Meeting iron needs for infants and children
2014 (English)In: Current opinion in clinical nutrition and metabolic care, ISSN 1363-1950, E-ISSN 1473-6519, Vol. 17, no 3, 267-272 p.Article, review/survey (Refereed) Published
Purpose of reviewIron deficiency early in life is associated with impaired neurological development. This study reviews the latest research on how to best meet iron requirements in infants and children.Recent findingsThere is concurrent evidence that delayed cord clamping is well tolerated and improves infant iron stores. Iron supplements or enriched complementary foods starting before 6 months of life do not reduce iron deficiency prevalence in low-risk populations. However, for low birth weight infants, iron supplements before 6 months of life have long-term benefits. Iron deficiency anaemia (IDA) during the second half year of life is rare in countries with high compliance to iron-rich complementary foods, but remains a major problem globally. In high-risk populations, iron supplementation reduces IDA and possibly improves growth. However, increased risk of infections is a concern and optimal preventive strategies have not yet been determined. Finally, there is concurrent evidence that iron supplementation of anaemic school-aged children reduces IDA and possibly improves neuropsychological outcomes.SummaryInterventions for prevention of iron deficiency should be prioritized in risk groups. However, the unclear long-term benefits and possible risk of adverse effects, particularly increased infections in developing countries, prompt further large-scale, double-blinded trials.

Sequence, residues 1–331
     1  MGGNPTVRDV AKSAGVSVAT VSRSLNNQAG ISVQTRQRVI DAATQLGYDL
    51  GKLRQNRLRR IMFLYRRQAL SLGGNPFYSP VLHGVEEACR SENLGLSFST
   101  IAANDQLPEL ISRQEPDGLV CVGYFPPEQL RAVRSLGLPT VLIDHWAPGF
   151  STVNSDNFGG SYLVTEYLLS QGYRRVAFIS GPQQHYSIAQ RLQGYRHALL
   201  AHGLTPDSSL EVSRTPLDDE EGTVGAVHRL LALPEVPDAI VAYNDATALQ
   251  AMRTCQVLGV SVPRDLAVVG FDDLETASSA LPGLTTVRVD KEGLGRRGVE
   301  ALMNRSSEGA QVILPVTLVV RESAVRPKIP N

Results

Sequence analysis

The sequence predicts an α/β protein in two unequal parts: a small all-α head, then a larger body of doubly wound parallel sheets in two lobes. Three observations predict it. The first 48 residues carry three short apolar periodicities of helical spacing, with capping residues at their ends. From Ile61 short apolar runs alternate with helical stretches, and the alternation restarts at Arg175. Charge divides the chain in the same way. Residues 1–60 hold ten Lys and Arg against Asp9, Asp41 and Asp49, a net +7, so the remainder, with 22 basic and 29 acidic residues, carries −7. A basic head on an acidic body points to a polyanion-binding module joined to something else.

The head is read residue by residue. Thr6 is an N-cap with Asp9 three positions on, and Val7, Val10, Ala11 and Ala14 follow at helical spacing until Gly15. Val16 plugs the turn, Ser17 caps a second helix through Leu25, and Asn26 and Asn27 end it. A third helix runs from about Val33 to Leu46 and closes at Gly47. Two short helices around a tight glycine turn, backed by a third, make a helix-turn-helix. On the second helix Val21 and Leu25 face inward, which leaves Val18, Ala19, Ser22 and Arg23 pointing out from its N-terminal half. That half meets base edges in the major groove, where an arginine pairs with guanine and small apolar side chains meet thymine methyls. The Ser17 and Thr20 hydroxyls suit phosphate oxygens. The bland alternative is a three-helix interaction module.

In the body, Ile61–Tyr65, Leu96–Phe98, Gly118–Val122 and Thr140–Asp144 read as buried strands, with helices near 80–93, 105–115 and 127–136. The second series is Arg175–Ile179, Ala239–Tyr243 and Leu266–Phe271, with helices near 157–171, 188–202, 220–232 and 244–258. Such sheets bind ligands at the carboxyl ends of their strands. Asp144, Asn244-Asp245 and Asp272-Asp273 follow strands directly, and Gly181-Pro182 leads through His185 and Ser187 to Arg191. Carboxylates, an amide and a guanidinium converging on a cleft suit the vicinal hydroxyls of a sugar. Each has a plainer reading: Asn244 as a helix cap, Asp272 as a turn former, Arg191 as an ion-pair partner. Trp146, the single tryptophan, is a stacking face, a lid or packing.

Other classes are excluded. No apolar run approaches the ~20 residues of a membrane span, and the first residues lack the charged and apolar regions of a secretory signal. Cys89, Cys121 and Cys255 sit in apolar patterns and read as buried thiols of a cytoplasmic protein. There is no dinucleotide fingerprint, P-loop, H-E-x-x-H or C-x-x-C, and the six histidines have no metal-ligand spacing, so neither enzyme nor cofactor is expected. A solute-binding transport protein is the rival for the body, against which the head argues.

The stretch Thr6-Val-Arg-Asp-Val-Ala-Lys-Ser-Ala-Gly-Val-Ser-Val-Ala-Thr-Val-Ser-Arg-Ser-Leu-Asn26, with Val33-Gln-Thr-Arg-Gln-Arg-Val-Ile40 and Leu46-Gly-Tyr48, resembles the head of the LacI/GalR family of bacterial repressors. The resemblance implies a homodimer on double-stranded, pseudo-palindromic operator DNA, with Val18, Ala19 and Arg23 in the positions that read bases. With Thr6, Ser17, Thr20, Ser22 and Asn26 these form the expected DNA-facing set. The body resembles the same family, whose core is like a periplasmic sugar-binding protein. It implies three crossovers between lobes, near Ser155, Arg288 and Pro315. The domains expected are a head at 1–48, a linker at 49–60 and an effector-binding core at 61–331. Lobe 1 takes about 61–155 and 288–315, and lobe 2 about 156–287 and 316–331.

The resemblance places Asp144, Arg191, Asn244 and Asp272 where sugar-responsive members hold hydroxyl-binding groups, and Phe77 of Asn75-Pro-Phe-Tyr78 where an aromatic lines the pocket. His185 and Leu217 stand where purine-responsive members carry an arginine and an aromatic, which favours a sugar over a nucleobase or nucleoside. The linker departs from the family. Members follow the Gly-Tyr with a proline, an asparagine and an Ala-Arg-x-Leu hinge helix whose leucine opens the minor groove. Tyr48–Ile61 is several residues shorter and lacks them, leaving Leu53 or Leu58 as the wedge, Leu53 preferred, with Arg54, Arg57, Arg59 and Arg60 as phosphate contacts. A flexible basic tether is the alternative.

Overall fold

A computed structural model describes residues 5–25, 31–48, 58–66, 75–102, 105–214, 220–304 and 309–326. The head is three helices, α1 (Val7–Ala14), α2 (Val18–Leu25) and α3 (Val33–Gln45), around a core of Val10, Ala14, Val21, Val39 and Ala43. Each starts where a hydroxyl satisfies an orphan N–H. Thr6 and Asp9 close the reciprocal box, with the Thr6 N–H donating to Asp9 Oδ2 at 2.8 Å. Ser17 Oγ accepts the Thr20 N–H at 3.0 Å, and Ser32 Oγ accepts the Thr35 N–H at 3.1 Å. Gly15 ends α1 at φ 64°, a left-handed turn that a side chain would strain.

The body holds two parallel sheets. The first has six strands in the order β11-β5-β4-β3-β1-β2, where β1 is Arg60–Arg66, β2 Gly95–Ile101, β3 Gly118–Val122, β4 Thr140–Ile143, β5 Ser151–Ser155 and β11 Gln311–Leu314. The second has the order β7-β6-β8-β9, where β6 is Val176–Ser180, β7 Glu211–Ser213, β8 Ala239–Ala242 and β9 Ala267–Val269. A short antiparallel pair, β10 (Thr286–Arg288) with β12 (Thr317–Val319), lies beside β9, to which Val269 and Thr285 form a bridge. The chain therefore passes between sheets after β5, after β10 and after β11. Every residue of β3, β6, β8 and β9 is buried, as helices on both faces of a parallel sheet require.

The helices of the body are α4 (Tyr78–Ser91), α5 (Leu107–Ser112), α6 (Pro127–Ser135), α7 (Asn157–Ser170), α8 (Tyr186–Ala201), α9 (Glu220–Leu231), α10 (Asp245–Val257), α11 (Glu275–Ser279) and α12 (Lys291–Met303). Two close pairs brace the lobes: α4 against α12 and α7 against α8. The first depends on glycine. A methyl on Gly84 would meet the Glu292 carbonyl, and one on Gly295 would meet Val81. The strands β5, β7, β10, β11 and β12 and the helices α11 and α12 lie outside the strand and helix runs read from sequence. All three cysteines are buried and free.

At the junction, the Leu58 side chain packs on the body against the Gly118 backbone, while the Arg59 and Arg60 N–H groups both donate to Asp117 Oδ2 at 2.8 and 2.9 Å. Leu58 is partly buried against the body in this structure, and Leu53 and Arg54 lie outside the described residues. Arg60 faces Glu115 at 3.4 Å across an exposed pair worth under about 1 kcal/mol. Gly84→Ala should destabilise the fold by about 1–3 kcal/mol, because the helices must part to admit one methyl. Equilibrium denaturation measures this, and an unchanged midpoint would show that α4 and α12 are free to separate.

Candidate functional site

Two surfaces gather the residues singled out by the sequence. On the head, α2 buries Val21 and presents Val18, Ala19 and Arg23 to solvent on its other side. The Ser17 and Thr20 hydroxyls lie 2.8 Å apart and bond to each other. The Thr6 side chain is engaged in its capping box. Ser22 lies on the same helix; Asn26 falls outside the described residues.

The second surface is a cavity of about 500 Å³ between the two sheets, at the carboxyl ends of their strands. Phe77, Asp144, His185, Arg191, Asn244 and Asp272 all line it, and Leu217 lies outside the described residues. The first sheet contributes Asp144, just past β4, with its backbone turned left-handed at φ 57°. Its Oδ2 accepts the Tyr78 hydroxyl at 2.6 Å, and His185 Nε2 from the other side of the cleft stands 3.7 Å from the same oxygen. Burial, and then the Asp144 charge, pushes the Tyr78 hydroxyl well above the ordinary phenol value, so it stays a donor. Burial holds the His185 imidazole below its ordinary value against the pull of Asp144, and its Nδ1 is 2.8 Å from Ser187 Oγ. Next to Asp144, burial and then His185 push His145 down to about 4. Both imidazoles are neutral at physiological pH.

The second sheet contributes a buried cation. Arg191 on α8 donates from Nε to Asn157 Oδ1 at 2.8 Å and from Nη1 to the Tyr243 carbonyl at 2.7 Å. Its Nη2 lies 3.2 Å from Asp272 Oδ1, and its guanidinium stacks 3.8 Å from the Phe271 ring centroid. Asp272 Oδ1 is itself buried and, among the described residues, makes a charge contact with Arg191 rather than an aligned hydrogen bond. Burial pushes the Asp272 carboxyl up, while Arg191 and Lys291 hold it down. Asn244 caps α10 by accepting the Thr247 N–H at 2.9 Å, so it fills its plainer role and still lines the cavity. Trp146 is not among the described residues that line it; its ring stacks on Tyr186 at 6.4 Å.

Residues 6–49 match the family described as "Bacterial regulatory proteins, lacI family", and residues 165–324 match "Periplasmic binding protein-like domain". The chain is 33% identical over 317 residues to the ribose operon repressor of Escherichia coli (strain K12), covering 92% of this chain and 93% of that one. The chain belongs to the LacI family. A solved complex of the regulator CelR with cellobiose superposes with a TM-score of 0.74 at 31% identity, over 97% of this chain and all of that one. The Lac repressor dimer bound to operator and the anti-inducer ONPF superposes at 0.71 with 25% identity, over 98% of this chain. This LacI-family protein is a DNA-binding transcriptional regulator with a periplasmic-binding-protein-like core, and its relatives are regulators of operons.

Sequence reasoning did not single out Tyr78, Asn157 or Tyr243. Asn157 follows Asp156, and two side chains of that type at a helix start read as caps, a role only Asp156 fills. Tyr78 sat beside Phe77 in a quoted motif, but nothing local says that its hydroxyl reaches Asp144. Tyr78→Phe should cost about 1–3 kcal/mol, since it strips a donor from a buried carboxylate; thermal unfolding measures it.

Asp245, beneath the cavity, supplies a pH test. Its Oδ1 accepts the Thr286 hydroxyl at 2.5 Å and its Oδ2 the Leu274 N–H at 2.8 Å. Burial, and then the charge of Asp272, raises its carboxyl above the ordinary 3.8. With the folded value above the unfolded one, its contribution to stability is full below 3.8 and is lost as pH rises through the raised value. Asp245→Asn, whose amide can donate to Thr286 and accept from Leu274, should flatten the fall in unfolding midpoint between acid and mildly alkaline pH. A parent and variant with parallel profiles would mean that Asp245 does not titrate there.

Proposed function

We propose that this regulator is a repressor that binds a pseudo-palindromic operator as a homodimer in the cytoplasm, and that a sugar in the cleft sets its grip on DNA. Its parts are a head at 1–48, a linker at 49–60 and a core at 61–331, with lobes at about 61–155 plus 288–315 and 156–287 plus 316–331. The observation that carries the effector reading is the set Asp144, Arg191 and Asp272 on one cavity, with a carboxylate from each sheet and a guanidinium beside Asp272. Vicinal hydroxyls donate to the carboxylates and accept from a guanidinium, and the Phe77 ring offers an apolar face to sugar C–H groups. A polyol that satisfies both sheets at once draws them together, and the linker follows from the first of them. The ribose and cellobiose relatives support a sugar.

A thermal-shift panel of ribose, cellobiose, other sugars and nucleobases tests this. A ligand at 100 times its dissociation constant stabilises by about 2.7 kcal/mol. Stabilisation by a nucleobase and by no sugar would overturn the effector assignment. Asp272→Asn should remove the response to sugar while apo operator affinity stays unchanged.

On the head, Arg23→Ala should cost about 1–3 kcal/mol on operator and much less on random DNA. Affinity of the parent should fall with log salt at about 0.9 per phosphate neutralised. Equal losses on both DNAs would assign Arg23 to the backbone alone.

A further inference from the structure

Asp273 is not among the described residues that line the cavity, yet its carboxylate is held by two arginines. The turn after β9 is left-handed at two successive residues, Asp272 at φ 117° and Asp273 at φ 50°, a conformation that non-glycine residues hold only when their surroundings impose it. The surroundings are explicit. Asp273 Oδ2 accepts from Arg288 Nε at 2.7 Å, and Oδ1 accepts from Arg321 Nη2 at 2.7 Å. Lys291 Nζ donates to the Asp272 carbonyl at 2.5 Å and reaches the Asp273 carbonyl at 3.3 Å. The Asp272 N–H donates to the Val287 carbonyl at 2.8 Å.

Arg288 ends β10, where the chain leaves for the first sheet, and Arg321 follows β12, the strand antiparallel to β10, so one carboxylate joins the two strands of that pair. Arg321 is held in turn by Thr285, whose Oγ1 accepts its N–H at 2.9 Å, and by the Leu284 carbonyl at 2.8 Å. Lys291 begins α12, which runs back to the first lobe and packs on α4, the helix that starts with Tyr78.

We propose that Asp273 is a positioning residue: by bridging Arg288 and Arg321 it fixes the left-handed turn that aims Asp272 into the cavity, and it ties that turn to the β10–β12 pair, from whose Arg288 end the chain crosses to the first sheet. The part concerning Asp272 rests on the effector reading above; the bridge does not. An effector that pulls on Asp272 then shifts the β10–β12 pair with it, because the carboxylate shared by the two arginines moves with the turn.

Place, publisher, year, edition, pages
2014. Vol. 17, no 3, 267-272 p.
children, infants, iron, iron deficiency
IdentifiersURN: urn:nbn:se:umu:diva-90075DOI: 10.1097/MCO.0000000000000043ISI: 000335444900011OAI: oai:DiVA.org:umu-90075DiVA: diva2:727975